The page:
I'd try out the GIS Stack Exchange. They are the real experts on this stuff.

  • Excellent suggestion, I'll attempt to move this question there.
    – meetar
    Commented May 12, 2013 at 14:58
  • @meetar The question is still on-topic here, so there's no need to move it. But if you have specific questions about working with maps, asking them on GIS would likely work well.
    – Adam Lear
    Commented May 13, 2013 at 15:15

I've recently released a new version of my Data Science Toolkit API that supports elevation queries:

Here's an example call:

    "location": {
      "latitude": 37.769456,
      "longitude": -122.429128
    "statistics": {
      "elevation": {
        "value": 40,
        "source_name": "NASA and the CGIAR Consortium for Spatial Information",
        "units": "meters",
        "description": "The height of the surface above sea level at this point."

You can spin up your own EC2 or Vagrant VM if you want to run it locally, and the docs/ec2setup.txt will walk you through the process I went through to import the data, which may help if you want to roll your own version instead. PostGIS's new raster support was a massive help.

Sorry, missed your geotiff requirement initially - you might want to download the SRTM source I used at srtm.csi.cgiar.org as three large GeoTIFFs and then tile them up.

  • This is just per-point elevation, not terrain maps, correct? And GeoTIFFs aren't a requirement, just one possible ideal.
    – meetar
    Commented May 21, 2013 at 21:50
  • 2
    That's correct, though with no API limits beyond machine speed, you can make gridded calls to build up an image. You could also bypass the API layer and make PostGres/GIS SQL calls directly to grab a bounding-box of samples. Commented May 21, 2013 at 21:57
  • @PeteWarden (I know this is a very old post, but still :-) ) Hi, i just gave your awesome API a try. I wanted to use it inside an open source project chrome extension. Problem is that the page it has to run uses HTTPS and your API only supports HTTP, right? Unfortunately this is not allowed due to security reasons. Is there any way to request the JSON data via HTTPS?
    – L.Butz
    Commented Sep 10, 2016 at 8:23

It's not an API, but I just found the SRTM Tile Grabber, which is a minimal interface to mirrored, zipped, 90m SRTM tiles.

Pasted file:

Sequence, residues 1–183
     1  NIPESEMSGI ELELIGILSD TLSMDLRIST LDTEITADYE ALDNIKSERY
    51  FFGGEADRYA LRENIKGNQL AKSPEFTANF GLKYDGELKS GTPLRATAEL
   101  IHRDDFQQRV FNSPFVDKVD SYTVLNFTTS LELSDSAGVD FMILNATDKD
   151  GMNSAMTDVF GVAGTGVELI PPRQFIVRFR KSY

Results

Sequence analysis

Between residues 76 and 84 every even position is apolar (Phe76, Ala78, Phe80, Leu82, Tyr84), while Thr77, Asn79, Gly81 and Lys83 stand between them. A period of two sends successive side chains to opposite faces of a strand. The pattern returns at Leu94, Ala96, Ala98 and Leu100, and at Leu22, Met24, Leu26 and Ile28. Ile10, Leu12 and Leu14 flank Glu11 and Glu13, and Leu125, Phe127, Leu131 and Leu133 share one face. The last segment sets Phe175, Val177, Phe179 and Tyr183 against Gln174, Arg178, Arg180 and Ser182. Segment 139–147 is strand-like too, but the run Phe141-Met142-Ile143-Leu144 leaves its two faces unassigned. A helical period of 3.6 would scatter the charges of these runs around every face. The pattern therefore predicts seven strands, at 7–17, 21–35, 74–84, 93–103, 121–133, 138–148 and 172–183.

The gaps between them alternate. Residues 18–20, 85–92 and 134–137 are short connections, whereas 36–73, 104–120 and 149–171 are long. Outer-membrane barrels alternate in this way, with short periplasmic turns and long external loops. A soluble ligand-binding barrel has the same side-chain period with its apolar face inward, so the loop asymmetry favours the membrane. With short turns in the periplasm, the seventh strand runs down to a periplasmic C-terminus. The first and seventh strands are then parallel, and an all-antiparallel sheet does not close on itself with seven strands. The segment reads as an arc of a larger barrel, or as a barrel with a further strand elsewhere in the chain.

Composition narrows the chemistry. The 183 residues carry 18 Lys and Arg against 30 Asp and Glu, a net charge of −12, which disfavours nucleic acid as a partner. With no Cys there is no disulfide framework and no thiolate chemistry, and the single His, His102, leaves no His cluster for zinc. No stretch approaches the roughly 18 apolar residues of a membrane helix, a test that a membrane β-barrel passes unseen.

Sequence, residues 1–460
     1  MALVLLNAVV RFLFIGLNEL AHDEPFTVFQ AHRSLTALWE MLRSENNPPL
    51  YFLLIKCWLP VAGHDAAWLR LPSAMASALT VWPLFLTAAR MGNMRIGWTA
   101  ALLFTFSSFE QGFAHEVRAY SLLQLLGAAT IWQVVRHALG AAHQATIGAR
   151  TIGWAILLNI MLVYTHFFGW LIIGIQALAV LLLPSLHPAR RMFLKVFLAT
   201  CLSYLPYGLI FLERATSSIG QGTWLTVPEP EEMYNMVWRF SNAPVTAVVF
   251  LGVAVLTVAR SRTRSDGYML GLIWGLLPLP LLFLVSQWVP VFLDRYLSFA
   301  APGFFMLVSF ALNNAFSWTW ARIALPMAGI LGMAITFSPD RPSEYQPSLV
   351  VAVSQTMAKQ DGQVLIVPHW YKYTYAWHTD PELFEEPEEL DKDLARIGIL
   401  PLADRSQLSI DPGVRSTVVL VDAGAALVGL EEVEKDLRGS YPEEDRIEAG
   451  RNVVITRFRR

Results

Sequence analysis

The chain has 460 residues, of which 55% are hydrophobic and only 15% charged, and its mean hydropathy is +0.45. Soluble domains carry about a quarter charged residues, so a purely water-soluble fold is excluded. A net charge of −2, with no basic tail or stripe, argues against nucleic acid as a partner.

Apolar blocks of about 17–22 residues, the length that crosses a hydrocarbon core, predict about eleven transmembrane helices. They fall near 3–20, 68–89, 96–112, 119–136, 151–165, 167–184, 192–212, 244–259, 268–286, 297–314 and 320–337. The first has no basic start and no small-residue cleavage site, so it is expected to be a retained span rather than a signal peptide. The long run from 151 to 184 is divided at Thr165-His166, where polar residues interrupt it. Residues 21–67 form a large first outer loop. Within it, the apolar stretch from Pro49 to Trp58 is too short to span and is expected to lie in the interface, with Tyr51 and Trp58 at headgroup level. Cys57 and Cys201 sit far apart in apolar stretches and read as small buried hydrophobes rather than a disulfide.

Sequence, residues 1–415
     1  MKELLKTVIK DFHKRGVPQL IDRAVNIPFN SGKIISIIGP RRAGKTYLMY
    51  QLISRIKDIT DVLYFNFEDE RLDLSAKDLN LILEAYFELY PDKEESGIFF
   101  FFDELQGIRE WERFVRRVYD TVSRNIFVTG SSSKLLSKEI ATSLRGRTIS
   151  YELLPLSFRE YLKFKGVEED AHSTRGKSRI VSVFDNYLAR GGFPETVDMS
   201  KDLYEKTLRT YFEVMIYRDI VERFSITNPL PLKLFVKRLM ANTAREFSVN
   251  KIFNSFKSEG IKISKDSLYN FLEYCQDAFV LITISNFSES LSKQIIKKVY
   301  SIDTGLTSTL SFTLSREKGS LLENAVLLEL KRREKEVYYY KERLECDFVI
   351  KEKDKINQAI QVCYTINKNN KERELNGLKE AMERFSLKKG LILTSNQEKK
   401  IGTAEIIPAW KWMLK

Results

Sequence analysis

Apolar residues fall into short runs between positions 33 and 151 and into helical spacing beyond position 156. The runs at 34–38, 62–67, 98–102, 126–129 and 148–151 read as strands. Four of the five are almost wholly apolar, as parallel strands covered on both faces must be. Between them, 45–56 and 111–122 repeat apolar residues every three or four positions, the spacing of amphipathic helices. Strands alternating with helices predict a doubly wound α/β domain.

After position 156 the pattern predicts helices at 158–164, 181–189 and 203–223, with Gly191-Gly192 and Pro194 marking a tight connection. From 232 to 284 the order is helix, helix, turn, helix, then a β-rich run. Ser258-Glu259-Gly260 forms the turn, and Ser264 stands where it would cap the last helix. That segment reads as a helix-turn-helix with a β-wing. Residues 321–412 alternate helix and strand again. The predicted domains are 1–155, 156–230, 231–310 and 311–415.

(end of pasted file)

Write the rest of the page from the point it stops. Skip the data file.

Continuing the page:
And better yet: "The files linked here are version 4.1 of an effort by the folks at CIAT-CSI to scrub, polish, and remove gaps in the raw SRTM data released by NASA."

Github repo: https://github.com/dwtkns/srtm-tile-grabber/


I would guess the the US Geographic Survey would have this, though they have so much, it can be difficult to navigate. Fortunately, the recently launched www.doi.gov/developer helps give an overview of places to look.

(Disclaimer - I am the Sr. API Strategist for GSA)


Here is the another API that I`ve built with examples for different languages. For example, on Python you can call it up like this:

import Algorithmia

input = {
    "lat": "50.2111",
    "lon": "18.1233"
client = Algorithmia.client('YOUR_API_KEY')
algo = client.algo('Gaploid/Elevation/0.3.0')
print algo.pipe(input)
#{ "elev": "201" }

In terms of API:

  • Check out the GDAL/OGR library. They have python/c/c++ interfaces. http://gdal.org

In terms of data:

  • GMTED2010 goes down to 7.5 arcsecond grid spacing.
  • SRTM goes down to 3 arcsecond grid spacing.
  • NED goes down to 1 arcsecond grid spacing, but it only covers US & territories.

Several state agencies have their own terrain data for download as well.


I'd like to contribute yet another API to this list. Open-Elevation is a free and open-source elevation API also available at Github.

While you can certainly host your own instance, there's a free public API .

There's also documentation on how to set it up with your own data, although I admit that, since it is in its infancy, it is a bit rough around the edges. Pull requests are welcome!